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# Heat and Mass Transfer in Convective Drying Processes

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A dynamic mathematical model, based on physical and transport properties and mass and energy balances, was developed for the simulation of unsteady convective drying of agricultural products (fruits and vegetables) in static bed conditions. The local material- averaged drying rate and the heat flux depend on local air humidity and temperature, as well as local mass and heat transfer coefficients in interaction with the moisture and temperature distribution inside the material. The model utilizes water sorption isotherm equations and the change in solid density due to the shrinkage phenomenon. The aim of this article is to describe the modelling and simulation of the dehydration of grapes in a complex drying system processes, using COMSOL Multiphysics Program.
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Excerpt from the Proceedings of the COMSOL Conference 2008 Hannover
Heat and Mass Transfer in Convective Drying Processes

Camelia Gavrila*,1, Adrian Gabriel Ghiaus2, Ion Gruia3
1,2Technical University of Civil Engineering Bucharest, Faculty of Building Services, Romania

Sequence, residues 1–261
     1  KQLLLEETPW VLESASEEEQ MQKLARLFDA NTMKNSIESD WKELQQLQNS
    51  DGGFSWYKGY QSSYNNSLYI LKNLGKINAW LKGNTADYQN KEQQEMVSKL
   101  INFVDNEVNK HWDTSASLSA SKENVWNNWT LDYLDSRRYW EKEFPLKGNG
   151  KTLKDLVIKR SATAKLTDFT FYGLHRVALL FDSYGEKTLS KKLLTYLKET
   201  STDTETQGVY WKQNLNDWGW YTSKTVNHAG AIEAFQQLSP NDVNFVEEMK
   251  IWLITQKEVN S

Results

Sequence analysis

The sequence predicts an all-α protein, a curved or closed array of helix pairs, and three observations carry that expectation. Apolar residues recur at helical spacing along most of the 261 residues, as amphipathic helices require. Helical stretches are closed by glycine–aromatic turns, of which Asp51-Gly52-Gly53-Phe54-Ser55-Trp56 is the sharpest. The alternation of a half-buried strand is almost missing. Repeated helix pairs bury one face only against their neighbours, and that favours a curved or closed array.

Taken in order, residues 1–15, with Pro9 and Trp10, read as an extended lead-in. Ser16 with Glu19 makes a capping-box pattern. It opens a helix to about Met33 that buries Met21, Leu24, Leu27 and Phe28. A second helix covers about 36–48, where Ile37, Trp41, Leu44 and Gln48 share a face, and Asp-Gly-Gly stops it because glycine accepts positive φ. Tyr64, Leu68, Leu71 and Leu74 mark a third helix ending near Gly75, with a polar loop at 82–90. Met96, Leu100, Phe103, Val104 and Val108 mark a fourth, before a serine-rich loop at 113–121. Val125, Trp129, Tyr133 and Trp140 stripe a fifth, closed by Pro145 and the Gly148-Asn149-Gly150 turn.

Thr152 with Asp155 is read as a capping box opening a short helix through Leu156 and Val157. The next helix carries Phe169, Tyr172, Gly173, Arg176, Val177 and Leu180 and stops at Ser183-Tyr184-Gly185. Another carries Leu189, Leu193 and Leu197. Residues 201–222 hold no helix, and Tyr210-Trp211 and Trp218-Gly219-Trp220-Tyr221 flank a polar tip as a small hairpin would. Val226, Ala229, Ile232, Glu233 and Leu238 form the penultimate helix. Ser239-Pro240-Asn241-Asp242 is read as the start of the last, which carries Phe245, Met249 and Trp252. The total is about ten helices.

3University of Bucharest, Faculty of Physics, Romania
*Camelia Gavrila: 66 Pache Protopopescu Blvd, Sector 2, 021414 Bucharest, Romania,
cgavrila2003@yahoo.com

Abstract: A dynamic mathematical model,
• liquid transport due to capillary
based on physical and transport properties and
forces,
mass and energy balances, was developed for the
• vapour diffusion due to shrinkage and
simulation of unsteady convective drying of
agricultural products (fruits and vegetables) in
law),
static bed conditions. The local material-
• liquid or vapour transport due to the
averaged drying rate and the heat flux depend on
difference in total pressure caused by external
local air humidity and temperature, as well as
pressure and temperature (Poiseuille’s law),
local mass and heat transfer coefficients in
• evaporation and condensation effects
interaction with the moisture and temperature
caused by differences in temperature,
distribution inside the material. The model
• surface diffusion in liquid layers at the
utilizes water sorption isotherm equations and
solid interface due to surface concentration
the change in solid density due to the shrinkage
• liquid transport due to gravity.
describe the modelling and simulation of the
dehydration of grapes in a complex drying
transported inside a material if a suitable
system processes, using COMSOL Multiphysics
Program.
effect), because of thermodynamic coupling of

heat and mass transport processes.
Keywords: heat transfer, mass transfer
Most foods are classified as capillary
convective drying processes, numerical model,
porous rigid or capillary porous colloids, (Bruin,